“And this,” my tour guide says with a sense of reserved passion, “Is where the Berlin Wall once stood.” His tone is somber, but there is unmistakably a sort of electric zeal in his words that he cannot hold back. It’s almost like he can’t believe that he gets to stand here and show people the city, the history that he loves so much. And, just by hearing that small touch of electricity in his voice, I can feel it too: the awe, the amazement, the gravity.

We were on a walking tour in Berlin, following around a British grad student and listening with wide-eyed wonderment as he told us the history of the city that was mired in grey clouds and drizzling rain. When I first started traveling, going on a group tour was not something that I wanted to do. I was determined to be a traveler, the wannabe-local alternative to the fannypack-wearing, loud-speaking tourist that traveling Americans are so afraid of being. Obsessed with finding little-known, off-the-beaten-path sorts of places, I wound my way through Western Europe’s darkest alleys, made friends with some of its lesser-known marvels, read on small park benches, and ate cheap croissants from its secret bakeries.

But guess what I didn’t do?

I didn’t hear the storied tales of Rome’s underground network, I left the Uffizi Gallery Museum without a deep knowledge of any of the treasures within, I walked beside landmarks whose meaning I only learned accidentally months after seeing them. Basically, I was an idiot abroad — more concerned with traveling to be labeled by others as a “traveler” than with traveling to see, to learn, to know.

So when I went back, I didn’t make the same mistakes. I ditched my efforts to go off the beaten path in a country where I know no one and cannot speak the language. I vowed to never walk through another museum without at least an audio tour. I warmed to the idea of walking around a city with other foreigners, led by a knowledgeable tour guide looking to share their love for the city.

Yup, I became a tourist. And here’s why you should be one too:

Because Climbing the Eiffel Tower Is Unbelievably Amazing


So is seeing the Mona Lisa, touring through the Vatican, and kissing the Blarney Stone. Sure, it’s totally touristy, but guess what? You’re a tourist. So go on and see all the amazing works of art, feats of architecture, and natural wonders that you’ve spent years dreaming about.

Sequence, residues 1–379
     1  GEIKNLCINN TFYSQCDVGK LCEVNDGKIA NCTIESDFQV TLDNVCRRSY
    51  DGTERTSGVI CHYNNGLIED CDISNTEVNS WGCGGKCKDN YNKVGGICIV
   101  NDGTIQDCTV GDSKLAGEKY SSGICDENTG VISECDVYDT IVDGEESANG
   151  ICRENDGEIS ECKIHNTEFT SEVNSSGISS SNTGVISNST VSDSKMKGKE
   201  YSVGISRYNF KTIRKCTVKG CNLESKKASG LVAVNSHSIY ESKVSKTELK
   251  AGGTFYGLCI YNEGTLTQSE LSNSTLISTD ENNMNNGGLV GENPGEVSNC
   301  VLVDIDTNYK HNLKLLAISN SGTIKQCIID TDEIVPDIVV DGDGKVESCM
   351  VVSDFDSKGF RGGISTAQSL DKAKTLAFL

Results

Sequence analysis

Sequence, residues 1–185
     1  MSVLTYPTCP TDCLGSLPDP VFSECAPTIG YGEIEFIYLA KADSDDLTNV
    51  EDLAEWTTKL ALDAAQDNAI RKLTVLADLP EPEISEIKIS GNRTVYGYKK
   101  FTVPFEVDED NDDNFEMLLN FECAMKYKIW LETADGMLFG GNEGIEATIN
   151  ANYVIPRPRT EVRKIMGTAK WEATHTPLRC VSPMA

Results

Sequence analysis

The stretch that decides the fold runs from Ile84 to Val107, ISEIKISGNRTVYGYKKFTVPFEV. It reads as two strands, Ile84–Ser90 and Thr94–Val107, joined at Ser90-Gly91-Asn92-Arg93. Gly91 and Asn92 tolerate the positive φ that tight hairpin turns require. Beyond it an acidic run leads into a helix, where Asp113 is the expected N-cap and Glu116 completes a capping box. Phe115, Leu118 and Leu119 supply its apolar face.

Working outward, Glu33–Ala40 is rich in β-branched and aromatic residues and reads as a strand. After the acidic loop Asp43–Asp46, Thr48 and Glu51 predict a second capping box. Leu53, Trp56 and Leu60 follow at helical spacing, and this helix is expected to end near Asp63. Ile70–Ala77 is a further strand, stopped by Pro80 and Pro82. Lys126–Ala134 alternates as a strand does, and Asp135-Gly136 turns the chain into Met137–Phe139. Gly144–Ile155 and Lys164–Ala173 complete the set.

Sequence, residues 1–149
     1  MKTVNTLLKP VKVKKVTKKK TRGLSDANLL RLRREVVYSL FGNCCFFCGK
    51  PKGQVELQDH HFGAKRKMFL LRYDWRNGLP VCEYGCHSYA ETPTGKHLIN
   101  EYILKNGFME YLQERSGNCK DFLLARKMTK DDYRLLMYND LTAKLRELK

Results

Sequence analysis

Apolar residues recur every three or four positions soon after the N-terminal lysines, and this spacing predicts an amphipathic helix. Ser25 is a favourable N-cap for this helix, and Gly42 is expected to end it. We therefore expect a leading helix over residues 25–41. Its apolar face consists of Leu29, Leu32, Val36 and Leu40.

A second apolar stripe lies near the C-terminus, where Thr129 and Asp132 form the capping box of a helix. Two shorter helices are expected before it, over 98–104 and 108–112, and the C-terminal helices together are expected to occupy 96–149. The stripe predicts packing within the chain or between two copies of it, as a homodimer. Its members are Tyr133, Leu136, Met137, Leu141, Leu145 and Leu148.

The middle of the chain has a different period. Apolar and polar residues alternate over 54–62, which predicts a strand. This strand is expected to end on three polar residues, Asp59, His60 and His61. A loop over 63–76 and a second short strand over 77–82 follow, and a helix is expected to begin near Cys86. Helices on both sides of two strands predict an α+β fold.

Tours Are Way More Interactive and Informative (and Fun!) Than Guidebooks


Okay so there’s a loud American in a fedora right behind you — but did you know that you’re looking at the exact spot where Caesar was cremated? Guess who knows a lot of other fun facts? Tour guides. So join a walking tour and learn about the city you’re here to see.

Because McDonald’s Really *Does* Taste Different Around the World


Sure, you’re definitely not going to look like a local popping in an out of McDonald’s, Starbucks, and Burger King… But you also can’t buy a beer, mulled wine, or chicken nugs that *actually* taste like fresh chicken in the good US of A, either. I rest my case.

You Never Know When (or If) You’ll Go Back


So you might as well see why your Great Aunt Marge won’t stop talking about her romantic gondola ride with Fabio in Venice thirty years ago. A lot of “once-in-a-lifetime” experiences can require some thoughtful budgeting, but you also don’t want to spend your whole life knowing that Aunt Marge had a cooler time in Venice than you.

Because Pizza for Lunch Is Basically a Sacrament


Even if the Italians don’t typically eat pizza for lunch, you’re a tourist! Which means you get to do some things that maybe the locals wouldn’t quite approve of. But riddle me this: why did the Italians give us heaven on dough if we weren’t supposed to eat it for every meal, huh? Riddle. Me. That.

Everything Is Better With Rose-Colored Glasses


Being a so-called traveler is all about putting yourself out of your comfort zone — but sometimes I like to stay in my comfort zone. That’s where being a tourist comes in. Organized city tours, private hotel rooms, meeting those fabled friendly locals, the list goes on… Yup, being a tourist definitely has its perks.

You Can Meet Other Cool Tourists to Travel With

A photo posted by AIFS Study Abroad (@aifsabroad) on


If you didn’t know already, the world is a pretty big place. So while you might not meet a Roman in Rome while you’re elbowing your way into the Colosseum, you could definitely meet an American in Rome, an Australian in Rome, a German in Rome… You see where I’m going with this, right?

Are you proud to be a tourist? Tell me why in the comments below!

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About The Author

Mary Zakheim
Content Writer

When she is not figuring out what the middle button on her headphones is for, explaining the difference between Washington State and Washington D.C., arriving to the airport too early or refusing to use the Oxford comma, you can usually find Mary in the mountains, at a show or on her couch. Mary is a content writer at Fareportal and likes annoying her coworkers with weird GIFs throughout the day.